Legal Complaint Filed Against Fraudulent Organics

As a result of the Post investigation, the Cornucopia Institute filed legal complaints against Aurora Dairy and Colorado Department of Agriculture, their organic certifier. They’ve also asked for the removal of the USDA’s lead organic regulator, Miles McEvoy. Cornucopia’s co-director Mark Kastel explains: [16]

The rigorous investigative work by Peter Whoriskey at The Washington Post clearly illustrates a pattern of long-term corruption by both Aurora Dairy and the USDA’s National Organic Program. Our organic regulators have turned a blind eye as giant industrial operations place ethical family-scale dairy farmers at a distinct competitive disadvantage …

These gross violations of the law were well-documented in a series of complaints we filed against Aurora operations in Texas, and other ‘organic’ CAFOs in the U.S., as well as their certifiers that have languished at the USDA for over a year and a half without enforcement action.

In addition to fooling consumers, CAFO-style “organic” farms are also pushing real organic farmers out of business. You might not know it, but we actually have a milk surplus at the moment. Thanks to the unnatural efficiency of swiftly growing dairy CAFOs, milk supply has outpaced demand. This is true of organic milk as well.

John Boere, a California dairy farmer, used to be an organic farmer but was unable to find a market for his milk, forcing him to switch back to conventional farming at a steep loss. He told Cornucopia: [17]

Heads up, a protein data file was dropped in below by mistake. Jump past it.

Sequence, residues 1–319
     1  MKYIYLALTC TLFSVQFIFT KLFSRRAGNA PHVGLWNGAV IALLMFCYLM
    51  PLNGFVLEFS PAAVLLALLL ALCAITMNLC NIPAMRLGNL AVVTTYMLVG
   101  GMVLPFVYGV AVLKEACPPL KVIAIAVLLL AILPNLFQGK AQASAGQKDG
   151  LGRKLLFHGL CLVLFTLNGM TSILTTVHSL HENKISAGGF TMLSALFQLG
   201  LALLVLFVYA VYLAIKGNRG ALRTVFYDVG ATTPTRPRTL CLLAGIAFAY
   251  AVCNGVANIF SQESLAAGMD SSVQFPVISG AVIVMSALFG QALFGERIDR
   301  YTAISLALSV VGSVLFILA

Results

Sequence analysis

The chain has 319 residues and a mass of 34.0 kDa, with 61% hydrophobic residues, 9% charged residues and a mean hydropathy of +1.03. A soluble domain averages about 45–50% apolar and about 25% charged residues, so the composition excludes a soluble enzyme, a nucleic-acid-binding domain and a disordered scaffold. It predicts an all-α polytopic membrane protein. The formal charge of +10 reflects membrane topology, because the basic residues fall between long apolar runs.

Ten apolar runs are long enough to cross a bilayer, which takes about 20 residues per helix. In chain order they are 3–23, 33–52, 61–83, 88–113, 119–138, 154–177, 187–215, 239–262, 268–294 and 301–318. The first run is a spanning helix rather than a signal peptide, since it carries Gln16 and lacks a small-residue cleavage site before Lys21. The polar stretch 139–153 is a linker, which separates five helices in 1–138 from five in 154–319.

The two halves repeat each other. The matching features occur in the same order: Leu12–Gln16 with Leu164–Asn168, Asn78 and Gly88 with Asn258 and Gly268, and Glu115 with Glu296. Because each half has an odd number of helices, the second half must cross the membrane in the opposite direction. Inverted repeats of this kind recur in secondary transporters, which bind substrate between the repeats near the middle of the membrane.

The surplus of milk is so bad here in California that some organic handlers are being forced to divert organic milk onto the conventional market, at a substantial loss. This contributes to the crumbling farm-gate pricing, and for some, like me, being forced out of organic altogether … If all organic dairies were forced to get 30 percent of their dry matter intake (feed) from pasture, as the law requires, there would be a shortage of organic milk, not a surplus!

Arla Defends “Live Unprocessed” Food Campaign

In related news, Arla Foods is being sued by a manufacturer of recombinant bovine growth hormone (rBGH, also known as rBST). [18] The company drew the ire of rBST maker Eli Lilly after it produced a “Live Unprocessed” food campaign in which rBST is depicted as a cartoon monster. The ad campaign also targets the food additive xanthan, depicted as a green alien with six tentacles and three eyes.

Eli Lilly says the ads — which present rBST as something monstrously unnatural — are “built upon a fundamental deception” and that “rBST is not dangerous and is not something consumers should fear.” Arla is being sued for breaching unfair competition laws and violating the 1946 Lanham Act, the federal trademark statute that prohibits trademark infringement, trademark dilution and false advertising.

Arla has countered with a motion to dismiss the complaint, saying “There are no allegations sufficient to claim that Arla’s actions proximately caused the harm about which Plaintiff’s complain.”

Arla also noted that in International Dairy Foods Association vs. Boggs (2010), it was found that “milk from cows treated with rBST contained higher levels of compounds, including pus, that accelerated the spoiling of the milk, increased fat content and decreased levels of proteins; and elevated levels of insulin-like growth factor 1, a hormone linked to several types of cancer.”

Read the full article at Mercola.com. [1]

Sources and References